From an Ancient Hebrew perspective, who know nothing about gas giants which, we call the sun and stars, millions or billions of miles away called the sun or stars or the vast expanse of space. They saw the "heavens" as a "sheet" that covers the earth just like the Hebrews nomadic tent that covers the family. In fact, from the inside of a nomadic tent the cover looks just like the night sky, stars and all.

I believe the connection that the Hebrews made between God and his "host" is that they can see the "sheet" of the skies but they cannot see beyond it, neither can they see or even speculate on what is beyond that sheet. The Ancient Hebrew mind did not concern itself with things they could not see, hear, feel, smell or touch. It is Greek thinking that delves into the philosophy of the unknown. The Hebrew word "olam" is usually translated as "eternity" or "forever". This word literally means "what is beyond the horizon" or "hidden". To the Hebrews God is olam, not eternal but "unknown" or "hidden".


How does the Hebrew word "pas" get translated as "colors" in Genesis 37:3?

What many are not aware of is that about 20% of the meanings of Hebrew words in the Bible are not known. Some of them are completely unknown while the meanings of others are still obscure. Over time more and more word meanings are coming to light due to archeological discoveries. Sometimes older translations (such as the KJV) are less accurate because less is known about the words but newer translations have the advantage of recent discoveries. This is probably the case with the word pas. Originally it was guessed that this word meant diverse or many colors. But know it is known that this word has something to do with the palm and in this context probably means a "long sleeved" garment, which would be an uncommon and special garment at that time.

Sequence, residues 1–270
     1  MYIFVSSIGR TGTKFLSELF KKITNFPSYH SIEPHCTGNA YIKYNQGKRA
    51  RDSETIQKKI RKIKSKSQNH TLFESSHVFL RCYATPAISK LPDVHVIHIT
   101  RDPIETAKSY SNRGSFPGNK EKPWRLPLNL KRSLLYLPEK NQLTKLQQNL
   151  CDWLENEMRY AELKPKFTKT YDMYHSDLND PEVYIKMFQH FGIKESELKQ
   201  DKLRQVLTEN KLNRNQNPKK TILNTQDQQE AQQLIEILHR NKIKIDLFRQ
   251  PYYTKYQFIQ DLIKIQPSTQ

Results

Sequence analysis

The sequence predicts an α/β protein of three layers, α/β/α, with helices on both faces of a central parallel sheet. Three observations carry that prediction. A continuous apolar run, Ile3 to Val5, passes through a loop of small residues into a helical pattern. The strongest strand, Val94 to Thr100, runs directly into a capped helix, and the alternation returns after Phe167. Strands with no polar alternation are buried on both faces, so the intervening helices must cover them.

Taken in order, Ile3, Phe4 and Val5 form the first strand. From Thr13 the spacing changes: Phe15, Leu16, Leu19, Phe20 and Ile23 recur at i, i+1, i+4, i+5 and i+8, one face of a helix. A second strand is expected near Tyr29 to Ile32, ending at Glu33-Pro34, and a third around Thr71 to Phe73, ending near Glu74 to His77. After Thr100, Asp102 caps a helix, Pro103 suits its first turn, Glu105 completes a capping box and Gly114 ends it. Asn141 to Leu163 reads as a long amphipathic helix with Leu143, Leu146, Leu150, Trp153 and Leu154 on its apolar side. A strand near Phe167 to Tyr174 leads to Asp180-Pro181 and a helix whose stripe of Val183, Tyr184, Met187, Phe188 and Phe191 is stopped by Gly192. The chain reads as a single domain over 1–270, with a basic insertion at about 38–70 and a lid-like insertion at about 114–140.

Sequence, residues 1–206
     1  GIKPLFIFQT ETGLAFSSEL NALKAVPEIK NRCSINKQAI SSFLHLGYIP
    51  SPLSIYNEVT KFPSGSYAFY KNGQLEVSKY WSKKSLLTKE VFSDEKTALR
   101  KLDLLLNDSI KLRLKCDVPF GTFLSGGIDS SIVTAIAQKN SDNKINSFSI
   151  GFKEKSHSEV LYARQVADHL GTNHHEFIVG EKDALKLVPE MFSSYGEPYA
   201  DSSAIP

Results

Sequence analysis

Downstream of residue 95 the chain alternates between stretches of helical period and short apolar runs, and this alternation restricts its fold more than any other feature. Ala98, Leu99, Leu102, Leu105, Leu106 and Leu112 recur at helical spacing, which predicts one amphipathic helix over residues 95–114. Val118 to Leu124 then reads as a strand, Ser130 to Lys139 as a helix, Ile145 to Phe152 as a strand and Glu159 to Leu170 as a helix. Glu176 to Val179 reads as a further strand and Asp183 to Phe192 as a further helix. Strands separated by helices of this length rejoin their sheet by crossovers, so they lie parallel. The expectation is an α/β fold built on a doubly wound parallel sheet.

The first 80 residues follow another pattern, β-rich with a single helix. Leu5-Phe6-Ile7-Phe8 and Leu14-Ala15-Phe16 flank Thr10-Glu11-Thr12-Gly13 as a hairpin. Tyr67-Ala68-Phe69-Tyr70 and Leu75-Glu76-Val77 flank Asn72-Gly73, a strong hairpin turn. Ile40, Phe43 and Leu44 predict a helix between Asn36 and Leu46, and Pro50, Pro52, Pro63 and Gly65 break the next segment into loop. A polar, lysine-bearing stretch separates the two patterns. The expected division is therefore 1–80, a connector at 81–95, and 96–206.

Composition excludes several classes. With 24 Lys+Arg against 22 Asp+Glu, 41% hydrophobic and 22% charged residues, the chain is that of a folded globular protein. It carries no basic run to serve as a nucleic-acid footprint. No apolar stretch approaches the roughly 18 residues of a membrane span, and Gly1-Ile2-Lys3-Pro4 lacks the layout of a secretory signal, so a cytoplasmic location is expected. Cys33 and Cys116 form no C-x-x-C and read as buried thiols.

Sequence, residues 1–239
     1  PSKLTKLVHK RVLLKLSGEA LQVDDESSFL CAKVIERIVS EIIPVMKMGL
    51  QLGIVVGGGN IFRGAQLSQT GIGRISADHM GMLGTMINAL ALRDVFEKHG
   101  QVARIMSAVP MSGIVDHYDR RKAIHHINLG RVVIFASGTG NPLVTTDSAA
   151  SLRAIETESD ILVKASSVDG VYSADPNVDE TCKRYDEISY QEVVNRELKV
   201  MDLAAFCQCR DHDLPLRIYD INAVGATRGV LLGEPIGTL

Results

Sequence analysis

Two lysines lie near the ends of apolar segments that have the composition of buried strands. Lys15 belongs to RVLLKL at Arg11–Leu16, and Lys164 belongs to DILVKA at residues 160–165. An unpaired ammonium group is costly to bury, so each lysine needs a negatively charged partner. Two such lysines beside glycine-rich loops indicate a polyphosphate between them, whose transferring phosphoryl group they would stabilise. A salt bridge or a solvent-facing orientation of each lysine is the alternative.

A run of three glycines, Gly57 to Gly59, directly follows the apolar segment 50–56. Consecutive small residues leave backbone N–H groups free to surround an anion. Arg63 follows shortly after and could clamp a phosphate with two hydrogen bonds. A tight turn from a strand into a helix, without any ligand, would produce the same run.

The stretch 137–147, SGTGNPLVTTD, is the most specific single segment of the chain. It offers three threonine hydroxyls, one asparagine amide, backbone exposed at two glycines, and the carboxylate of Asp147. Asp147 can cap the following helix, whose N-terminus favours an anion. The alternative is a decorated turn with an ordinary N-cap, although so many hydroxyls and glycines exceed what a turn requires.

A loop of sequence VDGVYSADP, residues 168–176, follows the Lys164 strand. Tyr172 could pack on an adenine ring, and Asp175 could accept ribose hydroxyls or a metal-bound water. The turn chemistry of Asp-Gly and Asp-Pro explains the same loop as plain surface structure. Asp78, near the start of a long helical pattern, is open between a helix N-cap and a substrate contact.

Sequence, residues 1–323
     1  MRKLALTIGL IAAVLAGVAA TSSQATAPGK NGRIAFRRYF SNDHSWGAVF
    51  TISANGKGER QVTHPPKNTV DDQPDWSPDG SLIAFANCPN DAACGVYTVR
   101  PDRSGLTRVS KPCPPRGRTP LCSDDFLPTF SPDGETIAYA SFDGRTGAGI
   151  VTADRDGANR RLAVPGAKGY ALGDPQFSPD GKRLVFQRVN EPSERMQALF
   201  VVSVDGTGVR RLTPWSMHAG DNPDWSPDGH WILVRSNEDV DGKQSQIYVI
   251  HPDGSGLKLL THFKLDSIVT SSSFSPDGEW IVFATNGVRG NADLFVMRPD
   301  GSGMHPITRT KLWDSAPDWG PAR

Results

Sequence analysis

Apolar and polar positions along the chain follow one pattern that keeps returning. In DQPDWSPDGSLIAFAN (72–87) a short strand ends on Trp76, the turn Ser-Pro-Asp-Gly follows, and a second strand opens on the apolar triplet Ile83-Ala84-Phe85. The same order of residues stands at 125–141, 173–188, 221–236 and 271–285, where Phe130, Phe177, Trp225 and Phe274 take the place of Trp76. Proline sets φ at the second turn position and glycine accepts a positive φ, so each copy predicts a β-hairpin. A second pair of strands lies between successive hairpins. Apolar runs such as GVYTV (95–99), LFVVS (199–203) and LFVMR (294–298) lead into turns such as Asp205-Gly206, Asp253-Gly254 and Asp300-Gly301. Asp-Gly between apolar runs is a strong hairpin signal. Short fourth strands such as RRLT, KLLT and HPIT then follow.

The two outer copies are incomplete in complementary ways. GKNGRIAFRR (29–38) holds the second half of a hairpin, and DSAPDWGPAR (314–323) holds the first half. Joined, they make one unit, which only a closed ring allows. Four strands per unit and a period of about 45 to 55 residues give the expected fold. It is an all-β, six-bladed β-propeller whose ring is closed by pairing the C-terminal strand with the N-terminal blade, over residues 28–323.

What is the “Paragogic Nun?”

Hebrew verbs can have a variety of prefixes and/or suffixes added to the verb root. For instance, when the letter ת (tav) is added to the front of the verb דבר (D.B.R, Strong's #1696), the conjugated verb תדבר (tedaber), meaning “you (masculine singular) speak,” is formed. When the letter ו (vav) is then added to the end of this verb, it becomes תדברו (tedaberu), meaning “you (masculine plural) speak.” On rare occasions one will find the letter ן (nun) added to the end of a verb conjugation, such as in תדברון (tedaberun). This additional letter is called the “paragogic nun” and adds the idea of “must” or “certainly” to the verb. So while תדברו (tedaberu) means “you will speak,” תדברון (tedaberun) means “you must speak.”


What is the Hebrew word for "alone?"